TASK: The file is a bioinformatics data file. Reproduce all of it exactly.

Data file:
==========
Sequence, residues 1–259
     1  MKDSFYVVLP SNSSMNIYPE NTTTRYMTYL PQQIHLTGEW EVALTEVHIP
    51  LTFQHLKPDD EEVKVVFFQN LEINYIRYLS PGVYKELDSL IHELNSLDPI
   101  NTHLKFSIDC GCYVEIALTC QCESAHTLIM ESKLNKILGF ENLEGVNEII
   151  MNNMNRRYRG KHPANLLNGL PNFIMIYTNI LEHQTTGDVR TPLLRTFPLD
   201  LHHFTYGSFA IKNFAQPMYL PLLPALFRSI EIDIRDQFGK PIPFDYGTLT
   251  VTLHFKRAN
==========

Sequence, residues 1–259
     1  MKDSFYVVLP SNSSMNIYPE NTTTRYMTYL PQQIHLTGEW EVALTEVHIP
    51  LTFQHLKPDD EEVKVVFFQN LEINYIRYLS PGVYKELDSL IHELNSLDPI
   101  NTHLKFSIDC GCYVEIALTC QCESAHTLIM ESKLNKILGF ENLEGVNEII
   151  MNNMNRRYRG KHPANLLNGL PNFIMIYTNI LEHQTTGDVR TPLLRTFPLD
   201  LHHFTYGSFA IKNFAQPMYL PLLPALFRSI EIDIRDQFGK PIPFDYGTLT
   251  VTLHFKRAN